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Cuppa Crisis? The Perfect Storm in Your Teacup

The recent UK Tea shortage is a a stark lesson in supply chain fragility. A reason why we should be cultivating a New Way with Homegrown Tea.




A Sipping Point for Change - homegrown Tea
A Sipping Point for Change - Homegrown Tea

While empty shelves of tea might seem like a minor inconvenience, it serves as a powerful metaphor for the complex and vulnerable systems that deliver food to our tables.


The new year finds major disruption to vital Red Sea shipping routes, connecting major tea-producing regions, to European markets, adding weeks to tea delivery times, and significantly increasing costs. As a result the UK is experiencing a tea shortage.


Future tea shortage won’t solely be due to a lack of leaves because of Red Sea issues. Climate change can disrupt harvests, geopolitical tensions strain trade routes, and rising fuel costs impact transportation. These seemingly distant factors combine to create ripple effects, leaving supermarket shelves bare and kettles cold. It's a harsh lesson in how interconnected our world is, and how seemingly independent events can have far-reaching consequences.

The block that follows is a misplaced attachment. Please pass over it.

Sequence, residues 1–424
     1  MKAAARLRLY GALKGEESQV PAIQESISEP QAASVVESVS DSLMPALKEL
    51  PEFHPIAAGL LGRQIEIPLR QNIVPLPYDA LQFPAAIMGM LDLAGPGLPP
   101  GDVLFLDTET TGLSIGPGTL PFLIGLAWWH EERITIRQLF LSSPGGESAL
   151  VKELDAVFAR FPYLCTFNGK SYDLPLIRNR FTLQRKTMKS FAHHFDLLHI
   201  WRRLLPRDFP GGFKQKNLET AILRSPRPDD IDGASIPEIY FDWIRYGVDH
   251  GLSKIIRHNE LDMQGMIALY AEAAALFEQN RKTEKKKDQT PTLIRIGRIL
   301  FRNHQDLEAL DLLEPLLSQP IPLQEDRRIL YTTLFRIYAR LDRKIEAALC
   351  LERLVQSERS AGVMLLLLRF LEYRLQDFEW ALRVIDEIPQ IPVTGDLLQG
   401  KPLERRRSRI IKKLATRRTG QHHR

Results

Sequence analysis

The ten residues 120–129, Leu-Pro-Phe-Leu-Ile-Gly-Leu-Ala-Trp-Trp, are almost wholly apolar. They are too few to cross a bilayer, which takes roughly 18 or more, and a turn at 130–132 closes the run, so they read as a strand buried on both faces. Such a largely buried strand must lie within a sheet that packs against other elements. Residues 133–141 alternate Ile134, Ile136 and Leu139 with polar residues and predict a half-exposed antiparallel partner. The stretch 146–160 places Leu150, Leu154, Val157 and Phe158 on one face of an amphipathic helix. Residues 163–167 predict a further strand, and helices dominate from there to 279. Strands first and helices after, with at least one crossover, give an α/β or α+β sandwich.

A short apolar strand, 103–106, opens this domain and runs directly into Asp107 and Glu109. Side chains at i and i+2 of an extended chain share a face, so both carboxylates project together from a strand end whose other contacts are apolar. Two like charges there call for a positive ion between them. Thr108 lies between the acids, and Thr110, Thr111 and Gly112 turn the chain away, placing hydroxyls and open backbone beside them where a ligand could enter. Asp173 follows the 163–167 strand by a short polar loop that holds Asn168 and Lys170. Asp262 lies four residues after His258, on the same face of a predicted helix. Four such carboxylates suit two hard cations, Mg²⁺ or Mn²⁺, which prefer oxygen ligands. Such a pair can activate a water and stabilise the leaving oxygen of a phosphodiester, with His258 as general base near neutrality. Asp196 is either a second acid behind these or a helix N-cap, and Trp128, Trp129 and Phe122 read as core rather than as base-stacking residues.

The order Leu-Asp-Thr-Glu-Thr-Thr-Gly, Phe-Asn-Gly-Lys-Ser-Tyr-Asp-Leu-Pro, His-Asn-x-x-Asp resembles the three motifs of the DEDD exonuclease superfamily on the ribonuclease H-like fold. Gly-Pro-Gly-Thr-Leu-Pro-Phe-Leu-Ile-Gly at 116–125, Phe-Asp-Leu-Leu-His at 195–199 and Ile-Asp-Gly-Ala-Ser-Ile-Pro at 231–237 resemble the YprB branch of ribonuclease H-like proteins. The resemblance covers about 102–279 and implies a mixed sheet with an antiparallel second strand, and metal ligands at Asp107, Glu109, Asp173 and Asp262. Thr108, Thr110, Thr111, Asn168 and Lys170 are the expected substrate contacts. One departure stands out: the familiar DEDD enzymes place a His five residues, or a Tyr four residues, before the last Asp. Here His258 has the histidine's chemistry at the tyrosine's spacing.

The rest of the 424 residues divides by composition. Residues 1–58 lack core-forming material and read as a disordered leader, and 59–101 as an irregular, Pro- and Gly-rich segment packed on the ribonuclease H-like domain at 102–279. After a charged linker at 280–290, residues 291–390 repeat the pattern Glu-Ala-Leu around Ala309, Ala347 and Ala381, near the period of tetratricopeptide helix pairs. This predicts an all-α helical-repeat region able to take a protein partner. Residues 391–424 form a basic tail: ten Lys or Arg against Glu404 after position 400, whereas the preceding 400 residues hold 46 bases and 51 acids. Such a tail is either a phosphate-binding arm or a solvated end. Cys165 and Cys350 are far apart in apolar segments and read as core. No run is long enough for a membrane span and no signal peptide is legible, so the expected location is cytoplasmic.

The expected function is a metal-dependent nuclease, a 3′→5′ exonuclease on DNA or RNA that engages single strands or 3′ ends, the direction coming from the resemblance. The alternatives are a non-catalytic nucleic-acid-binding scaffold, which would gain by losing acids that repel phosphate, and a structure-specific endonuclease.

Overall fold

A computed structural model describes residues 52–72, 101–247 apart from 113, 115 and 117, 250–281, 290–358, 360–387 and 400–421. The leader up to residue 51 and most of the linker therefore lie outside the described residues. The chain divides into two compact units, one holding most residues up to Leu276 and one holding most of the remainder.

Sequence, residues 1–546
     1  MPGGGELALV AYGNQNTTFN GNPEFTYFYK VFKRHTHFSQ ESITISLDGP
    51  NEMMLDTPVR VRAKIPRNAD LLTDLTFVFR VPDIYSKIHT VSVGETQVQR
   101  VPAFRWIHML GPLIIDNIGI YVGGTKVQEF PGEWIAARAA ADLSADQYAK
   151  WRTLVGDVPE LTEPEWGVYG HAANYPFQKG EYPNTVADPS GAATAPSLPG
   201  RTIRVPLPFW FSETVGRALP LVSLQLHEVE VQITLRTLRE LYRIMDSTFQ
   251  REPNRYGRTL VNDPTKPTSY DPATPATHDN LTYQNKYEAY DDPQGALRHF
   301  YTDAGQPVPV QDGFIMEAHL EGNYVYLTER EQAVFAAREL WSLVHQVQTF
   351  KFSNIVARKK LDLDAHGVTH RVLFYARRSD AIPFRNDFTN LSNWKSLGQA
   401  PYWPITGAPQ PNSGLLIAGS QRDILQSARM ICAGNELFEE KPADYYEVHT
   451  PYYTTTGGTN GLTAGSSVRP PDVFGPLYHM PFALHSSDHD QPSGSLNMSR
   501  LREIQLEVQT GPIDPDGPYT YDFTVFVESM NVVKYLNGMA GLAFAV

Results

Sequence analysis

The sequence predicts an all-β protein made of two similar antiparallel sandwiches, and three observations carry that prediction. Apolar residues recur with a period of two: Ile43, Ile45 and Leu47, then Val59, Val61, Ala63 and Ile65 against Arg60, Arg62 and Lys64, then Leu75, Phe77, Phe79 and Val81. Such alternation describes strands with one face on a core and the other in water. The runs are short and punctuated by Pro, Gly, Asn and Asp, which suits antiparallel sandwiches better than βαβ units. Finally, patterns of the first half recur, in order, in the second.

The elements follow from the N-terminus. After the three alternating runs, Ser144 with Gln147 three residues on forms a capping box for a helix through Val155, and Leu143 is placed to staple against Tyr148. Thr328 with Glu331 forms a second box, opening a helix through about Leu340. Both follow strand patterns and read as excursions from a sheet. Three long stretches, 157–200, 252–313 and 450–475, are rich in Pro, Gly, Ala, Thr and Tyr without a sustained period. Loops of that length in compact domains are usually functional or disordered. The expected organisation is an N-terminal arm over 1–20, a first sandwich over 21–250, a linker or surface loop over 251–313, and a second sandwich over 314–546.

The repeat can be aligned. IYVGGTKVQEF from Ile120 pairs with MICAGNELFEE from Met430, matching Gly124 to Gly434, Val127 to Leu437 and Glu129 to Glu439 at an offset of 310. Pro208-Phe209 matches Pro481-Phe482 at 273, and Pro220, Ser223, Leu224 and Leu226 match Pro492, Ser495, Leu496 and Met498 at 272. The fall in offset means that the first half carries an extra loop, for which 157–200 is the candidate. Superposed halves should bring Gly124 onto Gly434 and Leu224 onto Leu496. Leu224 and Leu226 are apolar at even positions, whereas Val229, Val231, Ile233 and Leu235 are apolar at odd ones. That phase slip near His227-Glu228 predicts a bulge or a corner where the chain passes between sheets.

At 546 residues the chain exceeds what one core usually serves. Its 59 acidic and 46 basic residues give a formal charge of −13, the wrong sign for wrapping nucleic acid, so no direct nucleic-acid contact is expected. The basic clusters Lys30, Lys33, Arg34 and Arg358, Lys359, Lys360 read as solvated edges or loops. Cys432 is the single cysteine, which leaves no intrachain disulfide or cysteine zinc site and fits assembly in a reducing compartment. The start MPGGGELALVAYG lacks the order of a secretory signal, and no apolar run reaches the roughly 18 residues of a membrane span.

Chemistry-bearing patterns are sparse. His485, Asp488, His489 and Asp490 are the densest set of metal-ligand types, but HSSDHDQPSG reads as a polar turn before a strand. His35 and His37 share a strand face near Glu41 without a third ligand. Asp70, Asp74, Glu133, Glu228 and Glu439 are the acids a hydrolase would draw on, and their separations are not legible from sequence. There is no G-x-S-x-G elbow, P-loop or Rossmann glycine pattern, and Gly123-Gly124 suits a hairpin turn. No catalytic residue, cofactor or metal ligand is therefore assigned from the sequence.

The tea shortage serves as a wake-up call, that we do need to make more conscious choices when we shop for our humble daily brew.


Building Resilience: From field to Cup:


The answer lies in building resilience and diversity into our food chains. Supporting local growers and farmers, diversifying crop choices with less reliance on black tea. Drinking more British Fruit Teas and homegrown Nettle Leaf Teas, as alternatives, and promoting sustainable bio-diverse agricultural practices are crucial steps. This contrasts with large monoculture plantations common in commercially produced tea, which can harm biodiversity. 


Supporting local Tea growers can build a food system that is less vulnerable, more sustainable. Ensuring a fairer and fresher cup (and much more) for everyone, for generations to come. 


So, the next time you reach for a mug of tea, take a moment to remember the complex journey it took to get there.


Wild Cornish Teas are grown and blended in the UK.

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